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Why Palmview is tipped to boom

Sunshine Coast Daily, Maroochydore

July 05, 2024

Sophie Foster

A new report has revealed the next 50 suburbs set to boom.

The much anticipated Hotspotting Price Predictor Index (PPI) Winter Edition has been released, showing which suburbs are ripe for price growth due to steady increases in sales volumes over more than four consecutive quarters.

Hotspotting director Terry Ryder (inset) said that despite record prices being set across many states already, there was much more to come, with New South Wales’ suburbs making up half the top 50 list (26), compared with just five in Queensland. The Sunshine State was beaten on the price predictor list by Victoria which had 10 suburbs, with even South Australia pipping Queensland with six.

The only non-state player in the top 50 was the Australian Capital Territory with three superchargers. Mr Ryder said “history shows that there is a correlation between sales volumes and price movements: the number of sales changes first and then prices react – with a time lag”.

 “This is true whether markets are rising or falling and means that investors can buy ahead of price growth, by finding locations where sales volumes are rising but prices have not yet moved.”

Queensland, which has seen some of the strongest pandemic-led growth in prices across the country, saw just five suburbs make the top 50 this time – two of which are in the Greater Brisbane region and among the cheapest places to buy property in the city region. Bahrs Scrub in Logan in the Greater Brisbane region’s south has seen sales ramping up steadily from 21 a quarter, to 26, 30, 37 and 36 most recently. Macleay Island in the Redlands, also in the region’s south, is seeing sales spike higher from 27, to 42, 53, 42 and 58. The rest of Queensland’s top 50 superchargers were outside the Greater Brisbane region, led by Highfields in Toowoomba, which had 60 sales in the last quarter compared with 38 more than a year ago.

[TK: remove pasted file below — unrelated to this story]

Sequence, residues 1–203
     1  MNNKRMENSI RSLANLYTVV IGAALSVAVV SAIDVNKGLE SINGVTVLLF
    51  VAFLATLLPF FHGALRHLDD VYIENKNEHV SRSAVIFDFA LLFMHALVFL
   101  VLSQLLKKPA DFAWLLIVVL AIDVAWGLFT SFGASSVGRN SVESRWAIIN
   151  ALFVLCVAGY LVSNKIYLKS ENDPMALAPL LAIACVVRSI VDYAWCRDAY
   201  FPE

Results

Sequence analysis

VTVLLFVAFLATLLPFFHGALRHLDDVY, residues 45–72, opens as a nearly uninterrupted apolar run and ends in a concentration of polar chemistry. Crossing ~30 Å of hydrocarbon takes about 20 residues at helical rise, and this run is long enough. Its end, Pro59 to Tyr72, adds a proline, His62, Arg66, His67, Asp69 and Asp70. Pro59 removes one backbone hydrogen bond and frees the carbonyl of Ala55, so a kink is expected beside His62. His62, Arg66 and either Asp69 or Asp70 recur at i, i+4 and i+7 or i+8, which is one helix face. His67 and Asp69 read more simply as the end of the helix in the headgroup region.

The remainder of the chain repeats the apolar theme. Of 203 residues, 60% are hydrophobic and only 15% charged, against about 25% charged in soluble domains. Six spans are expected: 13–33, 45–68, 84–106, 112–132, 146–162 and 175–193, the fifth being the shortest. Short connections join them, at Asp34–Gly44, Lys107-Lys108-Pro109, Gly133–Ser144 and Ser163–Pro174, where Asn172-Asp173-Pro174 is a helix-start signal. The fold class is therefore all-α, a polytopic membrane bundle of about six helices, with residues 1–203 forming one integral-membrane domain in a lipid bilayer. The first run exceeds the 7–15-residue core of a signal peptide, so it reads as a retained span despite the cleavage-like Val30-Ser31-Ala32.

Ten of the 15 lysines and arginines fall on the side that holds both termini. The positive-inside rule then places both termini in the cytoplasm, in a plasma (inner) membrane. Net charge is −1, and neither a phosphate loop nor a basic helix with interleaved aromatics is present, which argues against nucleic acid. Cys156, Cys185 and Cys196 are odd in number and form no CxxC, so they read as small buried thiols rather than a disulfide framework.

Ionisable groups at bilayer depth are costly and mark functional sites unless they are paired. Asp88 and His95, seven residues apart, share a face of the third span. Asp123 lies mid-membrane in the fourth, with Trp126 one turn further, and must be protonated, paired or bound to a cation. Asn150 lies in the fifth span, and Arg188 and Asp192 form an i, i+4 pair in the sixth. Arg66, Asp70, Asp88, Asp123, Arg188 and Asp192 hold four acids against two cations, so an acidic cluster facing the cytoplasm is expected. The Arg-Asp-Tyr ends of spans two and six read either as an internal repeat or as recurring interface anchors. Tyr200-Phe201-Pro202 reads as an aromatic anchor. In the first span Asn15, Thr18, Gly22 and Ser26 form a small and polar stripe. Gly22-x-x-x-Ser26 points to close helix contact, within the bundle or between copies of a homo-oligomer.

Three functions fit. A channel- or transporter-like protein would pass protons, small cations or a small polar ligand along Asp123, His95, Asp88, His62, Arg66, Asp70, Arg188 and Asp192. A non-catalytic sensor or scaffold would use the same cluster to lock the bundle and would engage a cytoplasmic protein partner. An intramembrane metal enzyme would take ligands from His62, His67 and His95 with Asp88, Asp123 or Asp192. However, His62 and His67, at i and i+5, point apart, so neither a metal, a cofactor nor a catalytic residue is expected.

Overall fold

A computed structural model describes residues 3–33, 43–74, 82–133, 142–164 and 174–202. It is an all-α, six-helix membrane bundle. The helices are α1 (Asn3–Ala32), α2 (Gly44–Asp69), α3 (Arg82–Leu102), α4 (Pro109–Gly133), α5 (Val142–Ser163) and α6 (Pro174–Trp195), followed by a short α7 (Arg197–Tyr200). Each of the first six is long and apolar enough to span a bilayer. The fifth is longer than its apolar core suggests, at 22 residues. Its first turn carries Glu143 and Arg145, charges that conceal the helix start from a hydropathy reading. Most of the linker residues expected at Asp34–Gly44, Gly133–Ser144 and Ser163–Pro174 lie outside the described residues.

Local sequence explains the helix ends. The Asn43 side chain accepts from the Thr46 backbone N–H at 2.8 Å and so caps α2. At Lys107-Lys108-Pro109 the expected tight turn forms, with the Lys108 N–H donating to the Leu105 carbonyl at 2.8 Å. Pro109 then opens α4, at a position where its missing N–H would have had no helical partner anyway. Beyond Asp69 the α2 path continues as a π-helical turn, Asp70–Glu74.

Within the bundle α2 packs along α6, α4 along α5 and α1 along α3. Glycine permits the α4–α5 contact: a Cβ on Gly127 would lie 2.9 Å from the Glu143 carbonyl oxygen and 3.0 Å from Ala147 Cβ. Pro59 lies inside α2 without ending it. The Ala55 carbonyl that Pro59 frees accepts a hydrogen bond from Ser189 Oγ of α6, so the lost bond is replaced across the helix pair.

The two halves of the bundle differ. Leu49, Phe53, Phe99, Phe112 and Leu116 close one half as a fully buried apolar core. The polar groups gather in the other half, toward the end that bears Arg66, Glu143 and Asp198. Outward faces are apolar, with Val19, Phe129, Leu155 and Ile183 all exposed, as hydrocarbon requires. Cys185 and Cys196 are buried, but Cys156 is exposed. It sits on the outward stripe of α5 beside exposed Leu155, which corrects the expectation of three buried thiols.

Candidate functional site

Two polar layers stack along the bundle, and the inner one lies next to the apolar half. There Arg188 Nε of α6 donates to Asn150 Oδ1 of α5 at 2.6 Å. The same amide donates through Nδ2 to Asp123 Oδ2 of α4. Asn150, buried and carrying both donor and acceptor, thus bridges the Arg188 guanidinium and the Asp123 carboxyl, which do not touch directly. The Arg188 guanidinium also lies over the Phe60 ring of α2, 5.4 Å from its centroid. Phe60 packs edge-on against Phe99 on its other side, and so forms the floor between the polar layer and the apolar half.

The other two to make the list were Kirkwood in Gladstone and Palmview on the Sunshine Coast. The median house price in Palmview is now $800,000, up 29.8 per cent in three years and 45.5 per cent in five years.

The suburb has also recorded a number of sales over $2 million. But the real surge in prices is set to come out of New South Wales according to Hotspotting GM Tim Graham – a resurgence that started last year and continues solidly in 2024.

Mr Graham said Adelaide and Regional South Australia also continued to be two of the nation’s most promising markets.

The PropTrack Property Market Outlook Report, released last week, revealed that Brisbane property prices are rising faster than expected, prompting experts to revise 2024 forecasts.

The report, released twice a year, lifted Brisbane’s 2024 annual growth expectations by one percentage point off strong demand and “exceptionally tight” housing supply so far this year.

PropTrack economic research director Cameron Kusher said “we’re now seeing that prices are likely to rise by the end of this year by 4 to 7 per cent”.

The earlier prediction was for a 3 to 6 per cent annual rise. Mr Kusher said there was no doubt the pace of price growth in Brisbane was slowing, given it logged a 12.2 per cent increase between July 2023 and May 2024.

“One of the big drivers of really strong price growth over the last couple of years has been that there hasn’t been much stock coming to the market and very little stock sitting on the market. We do expect that the number of properties coming to the market will lift and that will take some of that fear of missing out (FOMO) out of it and lead to slower price growth.”

“Brisbane prices are higher than Melbourne prices and we’ve had these sustained gains in property prices for several years now,” he said.

“Prices will continue to rise. They’re just going to be slower paced.” Mr Kusher said the growth seen over the past five years was not sustainable: “It’s reasonable to expect we’re going to see slower price growth over the coming years.”

Mr Kusher said housing affordability was a big challenge now for Brisbane and South East Queensland with borrowing capacity quite stretched. He said “interest rates are the highest they’ve been in 12 years.

They are low on a historic basis, but when you consider the amount of debt that households have and how expensive property prices are, a 4.35 per cent cash rate today is probably like a 10 to 12 per cent cash rate at the start of the 90s.


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